Types of Tourism in Nepal

There are two main aspects that attract tourists from all over the world to Nepal. This is the exoticism of the country and the opportunity to go in for extreme sports. Of course, tourists are also attracted by the amazing flora and fauna of the jungle in Terai and alpine meadows in high mountain reserves, countless Buddhist and Hindu temples and monasteries. Nevertheless, extreme types of recreation are most common in Nepal.


Quarter of Nepal occupy the mountains of the Himalayan range with a height of 3000 m. It is not surprising that the main extreme types of recreation here are associated with mountains, whether it is high-altitude mountaineering, mountain tourism, trekking or rafting (rafting on mountain rivers). The word Himalaya means “the abode of snows” in Sanskrit. The main Himalayan range runs along the entire northern border of Nepal, 8 of the 14 eight-thousanders of the world are located in the country. Check top-medical-schools.org for travel information in Nepal.

High- altitude mountaineering

The highest peak in the world – Everest (8848 m), or Chomolungma, or Sagarmatha (“mother of the earth”) – is located on the border of Tibet and Nepal. The English name was proposed in honor of the chief surveyor in British India Sir George Everest. Everest was first climbed by New Zealander Edmund Hillary and Sherpa Tenzing Norgay. They climbed to the top on May 29, 1953. To date, about 900 climbers have conquered the highest mountain in the world, and about 200 people have died during their ascents. Such an ascent can take 2-3 months, it will be exhausting work in conditions of cold and strong wind, when oxygen starvation begins above a certain height. Ascents are mainly organized by commercial companies, together with a permit to climb, the price of ascent can be several tens of thousands of dollars. And yet, about 500 people a year come to storm Everest. The peak of Cho Oyu, 8158 m high, is part of the Everest mountain range. It is considered one of the most “simple” eight-thousanders due to the fact that that it can be climbed from the Nangpa-La pass (5716 m). At one time, the main trading trail of the Sherpas from Nepal to Tibet.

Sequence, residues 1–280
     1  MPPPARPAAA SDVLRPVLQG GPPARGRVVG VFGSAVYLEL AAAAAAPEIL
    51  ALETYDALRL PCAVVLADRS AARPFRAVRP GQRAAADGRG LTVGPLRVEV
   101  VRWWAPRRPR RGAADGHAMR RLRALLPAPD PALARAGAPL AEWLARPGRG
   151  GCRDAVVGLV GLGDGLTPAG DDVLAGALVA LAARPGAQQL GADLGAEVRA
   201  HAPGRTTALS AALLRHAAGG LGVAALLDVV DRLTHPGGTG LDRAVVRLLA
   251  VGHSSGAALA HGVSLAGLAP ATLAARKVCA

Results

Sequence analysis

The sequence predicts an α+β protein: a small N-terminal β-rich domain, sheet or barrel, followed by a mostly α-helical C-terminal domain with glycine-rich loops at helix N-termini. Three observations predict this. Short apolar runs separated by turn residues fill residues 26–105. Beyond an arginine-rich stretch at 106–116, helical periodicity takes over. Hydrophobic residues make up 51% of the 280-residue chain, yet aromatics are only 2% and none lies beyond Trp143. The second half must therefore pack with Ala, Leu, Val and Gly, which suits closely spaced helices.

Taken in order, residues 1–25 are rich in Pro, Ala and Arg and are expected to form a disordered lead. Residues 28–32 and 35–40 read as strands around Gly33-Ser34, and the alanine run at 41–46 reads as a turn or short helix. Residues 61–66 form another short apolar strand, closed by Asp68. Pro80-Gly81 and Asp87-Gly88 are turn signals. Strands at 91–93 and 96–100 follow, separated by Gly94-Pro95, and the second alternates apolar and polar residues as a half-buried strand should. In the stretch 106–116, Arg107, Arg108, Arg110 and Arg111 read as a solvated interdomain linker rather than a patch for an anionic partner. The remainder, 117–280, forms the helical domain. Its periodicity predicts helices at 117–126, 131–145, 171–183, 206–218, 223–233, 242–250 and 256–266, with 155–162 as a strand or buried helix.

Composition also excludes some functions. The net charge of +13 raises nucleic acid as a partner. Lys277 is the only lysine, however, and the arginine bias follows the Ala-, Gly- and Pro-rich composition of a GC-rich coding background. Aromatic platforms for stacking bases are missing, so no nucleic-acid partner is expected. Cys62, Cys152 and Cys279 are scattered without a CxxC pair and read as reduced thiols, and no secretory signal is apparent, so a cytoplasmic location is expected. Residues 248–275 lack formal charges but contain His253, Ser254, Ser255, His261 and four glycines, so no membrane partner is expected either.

The second highest peak in Nepal and the third highest in the world is Kanchenjunga (Kanchenyuga). It is located on the border of India with Nepal. The massif consists of 5 peaks, each of which is higher than 8000 m, and the highest is 8586 m. The name of the mountain itself means “five snow treasures”. In Nepal, there is a belief that this is a mountain woman, and she kills climbers who try to climb her. The first ascent of Kanchenjunga was made in 1955 by the British George Band and Joe Brown. The next highest peak in Nepal is Lhotse (Lhotse), located near Everest on the Chinese-Nepalese border. The Lhotse massif consists of 3 peaks: Lhotse Main (8516 m), Lhotse Middle (8414 m) and Lhotse Shar (8386 m). The top of Lhotse Middle for a long time remained the last unconquered eight-thousander. After several unsuccessful attempts in 2001, Russian climbers conquered it. Makalu (8462 m) – the peak, located 22 km east of Everest, is also considered extremely difficult.